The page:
Egglestone Abbey © David Gill
Egglestone Abbey was a Premonstratensian foundation dating back to 1195. It was founded from Easby Abbey just outside Richmond. There are substantial remains of the abbey church, and the eastern range.
The remains of the abbey were place in State Guardianship in 1925. At the time it formed part of the county of Yorkshire, but with boundary changes it now lies within Co. Durham.
1958 (8th impress. 1976)
The original ‘blue guide’ was by Rose Graham (history) and P.K. Baillie Reynolds (description). There is a full tour of the remains, with a fold-out plan inside the back cover.
The abbey is now included in a combined guide (by Katy Kenyon) with nearby Barnard Castle and Bowes Castle.
I have noted before the Young People’s Guide to Grime’s Graves by Barbara Green (MPBW, 1964). This was adapted in 1984 by the Department of the Environment with a rather striking cover (designed by William Brouard). Note that Grime’s Graves has now become Grimes Graves, and the young people’s guide has been dropped.
Additions include a map inside the front cover along with a revised version of ‘how to get there’. The Alan Sorrell reconstructions have also been dropped. The plan of Pit no. 1 has been re-orientated so that north is at the top. The general plan of the site shows that the custodian’s hut was moved from the site of the car-park to a point closer to Pit 1.
1957 (4th ed. 1978)
Kildrummy and Glenbuchat castles are close to each other in Aberdeenshire. The Ministry guidebook was prepared by W. Douglas Simpson in 1957. Simpson had prepared a series of studies on Kildrummy from 1923 to 1937. The guidebook is separated into two parts, leading with Kildrummy; each contains a section on the history and a description of the two castles. A set of black and white photographs of the two castles, and a plan of Kildrummy appear as a block in the centre of the guide; a fold-out plan of Glenbuchat appears at the end.
Carisbrooke Castle Guidebooks © David Gill
I was delighted to see that a range of guidebooks for Carsibrooke were displayed in an exhibition relating to the castle. They are an important record of how the castle was interpreted and presented to the visiting public.
The cap worn by the castle’s custodian is also included as part of the castle’s heritage.
Custodian’s Hat, DOE © David Gill
Osborne House was opened to the public in 1954 and John Charlton, Inspector of Ancient Monuments, prepared the Ministry of Works ‘Official Guide’. There is a single narrative that effectively provides a tour of the house and grounds. There are numerous black and white illustrations.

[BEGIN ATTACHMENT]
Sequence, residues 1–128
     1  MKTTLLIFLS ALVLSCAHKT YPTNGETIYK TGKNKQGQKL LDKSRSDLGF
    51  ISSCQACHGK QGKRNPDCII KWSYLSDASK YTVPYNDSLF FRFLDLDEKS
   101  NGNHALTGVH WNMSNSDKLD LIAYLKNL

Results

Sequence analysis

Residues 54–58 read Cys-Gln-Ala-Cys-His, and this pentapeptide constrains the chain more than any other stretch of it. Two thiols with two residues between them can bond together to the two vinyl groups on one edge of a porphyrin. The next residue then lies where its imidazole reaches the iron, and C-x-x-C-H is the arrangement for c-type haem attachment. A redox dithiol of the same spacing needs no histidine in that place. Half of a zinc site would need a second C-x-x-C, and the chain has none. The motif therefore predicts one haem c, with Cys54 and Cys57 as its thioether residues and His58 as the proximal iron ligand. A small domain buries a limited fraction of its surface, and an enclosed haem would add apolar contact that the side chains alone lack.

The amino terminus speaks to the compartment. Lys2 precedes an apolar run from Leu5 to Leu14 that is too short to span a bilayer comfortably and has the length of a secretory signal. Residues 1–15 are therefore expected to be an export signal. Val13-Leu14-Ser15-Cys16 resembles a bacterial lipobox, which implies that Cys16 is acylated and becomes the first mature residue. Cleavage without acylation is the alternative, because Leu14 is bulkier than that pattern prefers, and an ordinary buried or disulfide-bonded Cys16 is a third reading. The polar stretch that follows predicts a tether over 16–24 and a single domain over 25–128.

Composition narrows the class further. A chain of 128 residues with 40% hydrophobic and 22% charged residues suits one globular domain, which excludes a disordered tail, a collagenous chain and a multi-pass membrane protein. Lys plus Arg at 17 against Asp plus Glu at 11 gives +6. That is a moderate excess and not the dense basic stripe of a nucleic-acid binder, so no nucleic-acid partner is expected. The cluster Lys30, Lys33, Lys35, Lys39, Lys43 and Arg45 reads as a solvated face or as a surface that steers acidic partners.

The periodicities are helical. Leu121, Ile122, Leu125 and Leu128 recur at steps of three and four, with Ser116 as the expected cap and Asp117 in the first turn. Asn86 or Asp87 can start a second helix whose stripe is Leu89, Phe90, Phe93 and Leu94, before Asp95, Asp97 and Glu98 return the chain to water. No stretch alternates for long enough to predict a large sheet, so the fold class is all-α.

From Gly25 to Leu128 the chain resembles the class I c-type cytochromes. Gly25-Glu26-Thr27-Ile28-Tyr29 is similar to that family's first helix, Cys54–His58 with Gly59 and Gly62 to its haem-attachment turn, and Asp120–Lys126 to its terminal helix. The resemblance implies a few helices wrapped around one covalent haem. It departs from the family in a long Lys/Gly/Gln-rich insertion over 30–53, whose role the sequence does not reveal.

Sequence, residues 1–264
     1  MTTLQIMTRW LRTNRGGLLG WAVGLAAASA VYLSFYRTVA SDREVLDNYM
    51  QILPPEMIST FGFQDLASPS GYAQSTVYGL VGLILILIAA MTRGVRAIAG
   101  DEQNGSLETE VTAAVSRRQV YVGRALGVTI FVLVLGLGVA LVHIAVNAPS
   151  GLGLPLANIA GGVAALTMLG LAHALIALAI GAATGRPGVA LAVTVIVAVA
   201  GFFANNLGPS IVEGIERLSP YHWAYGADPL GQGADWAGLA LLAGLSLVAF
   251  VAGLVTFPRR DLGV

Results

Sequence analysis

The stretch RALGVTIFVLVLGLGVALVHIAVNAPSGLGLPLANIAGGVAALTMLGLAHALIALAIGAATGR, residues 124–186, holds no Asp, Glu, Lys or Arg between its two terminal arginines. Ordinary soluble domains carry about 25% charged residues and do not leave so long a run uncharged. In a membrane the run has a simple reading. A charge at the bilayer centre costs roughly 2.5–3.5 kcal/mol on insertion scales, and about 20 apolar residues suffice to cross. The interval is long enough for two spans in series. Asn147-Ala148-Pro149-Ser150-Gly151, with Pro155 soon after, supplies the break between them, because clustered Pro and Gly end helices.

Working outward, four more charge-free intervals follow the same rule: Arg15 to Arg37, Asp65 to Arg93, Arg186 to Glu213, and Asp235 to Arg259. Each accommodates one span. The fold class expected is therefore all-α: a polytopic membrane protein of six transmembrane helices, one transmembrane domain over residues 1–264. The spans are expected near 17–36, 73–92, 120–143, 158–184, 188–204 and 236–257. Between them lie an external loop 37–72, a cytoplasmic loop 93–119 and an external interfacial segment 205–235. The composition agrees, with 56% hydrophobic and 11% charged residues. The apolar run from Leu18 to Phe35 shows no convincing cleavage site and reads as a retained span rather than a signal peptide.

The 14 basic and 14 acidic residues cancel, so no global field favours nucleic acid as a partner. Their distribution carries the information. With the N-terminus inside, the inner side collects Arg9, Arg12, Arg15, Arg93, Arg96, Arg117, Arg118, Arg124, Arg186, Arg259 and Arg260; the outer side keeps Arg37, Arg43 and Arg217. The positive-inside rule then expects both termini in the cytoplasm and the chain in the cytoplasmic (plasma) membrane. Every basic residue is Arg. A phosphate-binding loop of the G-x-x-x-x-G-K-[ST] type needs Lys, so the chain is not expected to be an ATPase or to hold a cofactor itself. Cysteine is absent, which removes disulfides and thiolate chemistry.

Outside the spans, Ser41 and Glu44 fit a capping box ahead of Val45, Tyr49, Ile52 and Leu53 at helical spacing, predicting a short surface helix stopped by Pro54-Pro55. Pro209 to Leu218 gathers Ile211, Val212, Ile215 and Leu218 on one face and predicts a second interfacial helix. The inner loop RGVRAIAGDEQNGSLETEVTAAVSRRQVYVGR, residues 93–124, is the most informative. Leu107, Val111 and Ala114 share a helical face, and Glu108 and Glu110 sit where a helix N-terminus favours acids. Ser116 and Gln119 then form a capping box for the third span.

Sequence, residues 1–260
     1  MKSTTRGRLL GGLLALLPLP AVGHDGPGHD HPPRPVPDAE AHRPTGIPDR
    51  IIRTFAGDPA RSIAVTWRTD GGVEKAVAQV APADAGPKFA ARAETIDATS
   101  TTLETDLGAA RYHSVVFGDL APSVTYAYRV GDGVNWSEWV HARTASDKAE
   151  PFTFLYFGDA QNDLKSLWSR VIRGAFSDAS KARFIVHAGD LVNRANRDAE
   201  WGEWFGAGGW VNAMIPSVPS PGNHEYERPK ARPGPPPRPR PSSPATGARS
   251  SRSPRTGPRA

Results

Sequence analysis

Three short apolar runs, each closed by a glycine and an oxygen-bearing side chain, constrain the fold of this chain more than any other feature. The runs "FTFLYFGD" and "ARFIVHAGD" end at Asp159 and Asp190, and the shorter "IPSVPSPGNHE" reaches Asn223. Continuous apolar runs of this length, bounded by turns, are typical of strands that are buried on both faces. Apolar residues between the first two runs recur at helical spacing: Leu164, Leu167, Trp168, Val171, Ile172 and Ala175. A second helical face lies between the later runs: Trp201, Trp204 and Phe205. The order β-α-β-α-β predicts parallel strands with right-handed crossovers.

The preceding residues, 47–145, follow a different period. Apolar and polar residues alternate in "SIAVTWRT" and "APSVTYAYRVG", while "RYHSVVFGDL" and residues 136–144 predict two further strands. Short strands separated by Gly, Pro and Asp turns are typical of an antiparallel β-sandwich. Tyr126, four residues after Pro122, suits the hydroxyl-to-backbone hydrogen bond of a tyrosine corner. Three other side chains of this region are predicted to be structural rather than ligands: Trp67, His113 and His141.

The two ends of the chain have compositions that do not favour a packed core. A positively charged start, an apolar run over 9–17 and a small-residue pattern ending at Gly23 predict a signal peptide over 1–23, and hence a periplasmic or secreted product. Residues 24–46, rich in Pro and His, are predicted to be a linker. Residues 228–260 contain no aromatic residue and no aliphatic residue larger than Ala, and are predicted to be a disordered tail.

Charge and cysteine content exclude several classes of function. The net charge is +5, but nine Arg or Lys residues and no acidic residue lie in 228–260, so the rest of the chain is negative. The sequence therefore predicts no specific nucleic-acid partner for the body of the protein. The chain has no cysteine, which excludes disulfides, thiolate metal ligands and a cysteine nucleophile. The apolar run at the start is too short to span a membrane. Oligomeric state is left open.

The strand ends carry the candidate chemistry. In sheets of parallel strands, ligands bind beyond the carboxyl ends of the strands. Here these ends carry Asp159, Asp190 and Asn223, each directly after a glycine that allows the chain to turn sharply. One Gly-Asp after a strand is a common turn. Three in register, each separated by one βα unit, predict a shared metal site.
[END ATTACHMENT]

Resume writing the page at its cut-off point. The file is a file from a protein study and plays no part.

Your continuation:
1960 (rev. 1968)
1960 (rev. 1974)
Charlton’s Guide was revised and the text continued to be used by both the Ministry of Public Buildings and Works and the Department of the Environment. While the text remained largely the same, the new souvenir guide format include colour images. These are in the format of souvenir guides written for other sites in State Guardianship.
1989 (9th ed. 2004)
The 1989 guidebook was by Michael Turner and was published in nine editions (to 2014) and has been replaced by the English Heritage ‘red’ guide. Essentially this was divided into two main sections: the tour (including the exterior) and the history.
The present English Heritage guidebook is written by Turner. It contains a tour of the house, tour of the gardens, followed by a history . There are seven special features explaining aspects life at Osborne.
2007 (2nd ed. 2014, rev. 2016)
Reculver © David Gill
The Saxon Shore fort of Reculver in Kent is in the care of English Heritage. Parts of the Roman fort has been eroded into the sea. In the 7th century the fort became the site for the foundation of an Anglo-Saxon minster. The site was placed in Site Guardianship in 1950.
Stuart E. Rigold wrote a short guide to the site in 1971. This followed the format of the DOE concertina card guides (see also Hardknott Roman fort; Hetty Pegler’s Tump). There are 6 columns of text (the fort, the minster) on one side (with a small plan of the fort and church), a series of images including a plan of the 7th-15th century ecclesiastical structures.
The present English Heritage guide by Tony Wilmott covers the two Saxon Shore forts in Kent, Reculver and Richborough.
1986 (2nd ed.; repr. 2001)
Appuldurcombe is a major house on the Isle of Wight. The fragile structure was placed in State Guardianship in 1952. It had last been occupied in 1909.
The Ministry guidebook was prepared by L.O.J. Boynton (1967). This takes a different format to other ‘blue’ guides. It starts with an introduction, and then presents a short essay on the Worsleys of Appuldurcombe. This is followed by a long section on the building of Appuldurcombe, with sections on Sir Robert Worsley (1701–13), Sir Richard Worsley (1773–82) and the Yarborough period (1805–55) and after. Finally there is a description of the house and grounds. The text is supported iwth a block of 32 endnotes. There are 9 black and white plates, and a table showing the 18th century cost of the house. Inside the back cover are plans of the park and of the house itself.
1967 (3rd impress. 1971)
The DOE guide (1971) is essentially the same as the earlier MPBW one except that it had integrated images. The English Heritage Guide (1986), that continues in print (most recently in 2009), is a revised and expanded version of Boynton’s 1967 text. It now starts with a tour and description, broken down into elements of the structure. This is followed by a history of Appuldurcombe starting in the Anglo-Saxon period. The final section is the building history. There are now 37 supporting endnotes.
This is one of several Ministry guides that continue to have a life under English Heritage.